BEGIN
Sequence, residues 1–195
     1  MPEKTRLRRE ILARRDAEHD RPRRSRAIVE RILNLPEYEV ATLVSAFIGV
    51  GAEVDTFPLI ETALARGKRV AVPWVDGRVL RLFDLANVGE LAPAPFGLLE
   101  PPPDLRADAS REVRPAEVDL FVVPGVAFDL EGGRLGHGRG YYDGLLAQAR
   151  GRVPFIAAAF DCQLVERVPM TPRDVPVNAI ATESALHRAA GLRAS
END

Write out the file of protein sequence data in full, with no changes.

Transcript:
Sequence, residues 1–195
     1  MPEKTRLRRE ILARRDAEHD RPRRSRAIVE RILNLPEYEV ATLVSAFIGV
    51  GAEVDTFPLI ETALARGKRV AVPWVDGRVL RLFDLANVGE LAPAPFGLLE
   101  PPPDLRADAS REVRPAEVDL FVVPGVAFDL EGGRLGHGRG YYDGLLAQAR
   151  GRVPFIAAAF DCQLVERVPM TPRDVPVNAI ATESALHRAA GLRAS